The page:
Being cut off from its critical data for an extended period is every business’s worst nightmare. A crisis can be triggered by something as malicious as a ransomware attack, as innocent as human error or as uncontrollable as the weather. But regardless of the reason, the result can be potentially devastating.
A report on a study by the Ponemon Institute shows that organizations lose an average of $8,850 for every minute of unplanned downtime, and those kinds of losses can be particularly crippling to small businesses. According to the Federal Emergency Management Administration, about 40 percent of small businesses affected by natural disasters never reopen, while 90 percent of them fail within a year if they’re not able to resume operations within five days.
That’s why it’s critical for every organization to have a strategy for disaster recovery. And more small businesses are turning to a growing option: Disaster Recovery as a Service (DRaaS).
More Than Backup: What Is DRaaS?
Most businesses are familiar with data backup — storing replicas of files and programs either in the cloud or on a remote server. DRaaS is different; it maintains a cloud-based replica of an organization’s entire IT environment, which can be used in the event of a primary systems crash.
DRaaS supports that replica and its processes, allowing the business to maintain normal operations on the replica system while IT works to recover backup programs and files. The failover can be automated, like with Azure Site Recovery from Microsoft, triggering the switch when a certain event occurs, or it can be set to activate only at the organization’s request.
Getting disaster recovery on an as-a-service basis can be especially valuable for small businesses that may have limited IT resources. The benefits of a disaster recovery plan are available for a monthly fee, while installing the infrastructure behind a recovery plan can be costly. With a DRaaS, IT resources can all go to recovering the system while the DRaaS provider handles the processing of the organization’s day-to-day operations.
What should a business look for in a DRaaS provider?
The DRaaS market has been growing rapidly. Industry leaders like Microsoft, IBM, and VMware all have cloud-based disaster recovery solutions available, and it can be hard to know what to look for when shopping around.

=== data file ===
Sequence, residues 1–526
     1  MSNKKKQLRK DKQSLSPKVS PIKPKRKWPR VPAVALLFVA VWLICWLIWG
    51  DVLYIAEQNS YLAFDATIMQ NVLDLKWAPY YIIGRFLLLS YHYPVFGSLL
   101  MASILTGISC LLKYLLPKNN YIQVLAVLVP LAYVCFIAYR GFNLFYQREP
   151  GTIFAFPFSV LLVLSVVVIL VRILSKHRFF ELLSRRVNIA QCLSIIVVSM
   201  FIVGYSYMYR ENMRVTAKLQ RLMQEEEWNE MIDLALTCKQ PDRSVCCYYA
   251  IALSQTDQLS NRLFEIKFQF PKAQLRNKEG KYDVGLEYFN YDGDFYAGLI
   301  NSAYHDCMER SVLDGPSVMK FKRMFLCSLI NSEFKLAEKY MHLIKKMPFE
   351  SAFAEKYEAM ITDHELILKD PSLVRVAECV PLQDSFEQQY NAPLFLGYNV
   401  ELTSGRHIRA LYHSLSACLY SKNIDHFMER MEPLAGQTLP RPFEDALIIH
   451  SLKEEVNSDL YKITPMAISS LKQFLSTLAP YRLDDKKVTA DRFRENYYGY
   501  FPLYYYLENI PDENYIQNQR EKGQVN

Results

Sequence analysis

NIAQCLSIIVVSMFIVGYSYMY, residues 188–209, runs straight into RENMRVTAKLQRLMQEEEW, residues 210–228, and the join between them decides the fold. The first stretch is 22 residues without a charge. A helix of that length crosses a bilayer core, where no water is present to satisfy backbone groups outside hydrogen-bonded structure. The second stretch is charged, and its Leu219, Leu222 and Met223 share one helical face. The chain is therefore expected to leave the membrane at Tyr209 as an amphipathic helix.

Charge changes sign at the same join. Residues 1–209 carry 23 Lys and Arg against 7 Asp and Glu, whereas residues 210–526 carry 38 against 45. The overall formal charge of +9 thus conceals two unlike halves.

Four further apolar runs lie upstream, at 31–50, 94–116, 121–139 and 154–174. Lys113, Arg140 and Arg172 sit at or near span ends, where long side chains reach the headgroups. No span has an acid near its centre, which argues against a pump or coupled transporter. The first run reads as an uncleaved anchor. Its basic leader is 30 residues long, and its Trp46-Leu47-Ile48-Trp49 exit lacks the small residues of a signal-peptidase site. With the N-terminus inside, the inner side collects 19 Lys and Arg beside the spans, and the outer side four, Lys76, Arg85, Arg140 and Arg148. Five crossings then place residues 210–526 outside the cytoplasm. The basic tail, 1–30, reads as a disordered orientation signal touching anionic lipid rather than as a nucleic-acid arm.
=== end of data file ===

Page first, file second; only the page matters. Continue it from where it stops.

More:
To find the right service provider, there are some questions a business should ask itself. First, how up to date does your data need to be, and how long can you be without it? The recovery time objective and recovery point objective must be clear in the service-level agreement to ensure your business is getting the coverage it needs. IBM’s service, for example, includes continuous updates, allowing for quick recovery times that are verifiable within the service.
Second, will enough resources be available? You’ll want to make sure that there is enough bandwidth to run programs after the failover and to hold up when your systems are facing the most use. VMware’s service, for example, can easily accommodate growth, so as small businesses expand, their service expands with them.
Third, how will you know it will work? Testing the service will be key, so making sure the provider offers automated tests is important. Microsoft Azure Site Recovery includes options for drills, as well as the option to actually perform the failover in a controlled environment. It’s crucial to know that operations will be able to resume promptly.
Whether at the hands of a malicious actor or due to an honest mistake, system downtime can deal a major blow to a business’s bottom line, and small businesses don’t always have the IT resources to recover on their own. DRaaS solutions can give your organization the support it needs to stay afloat during a crisis.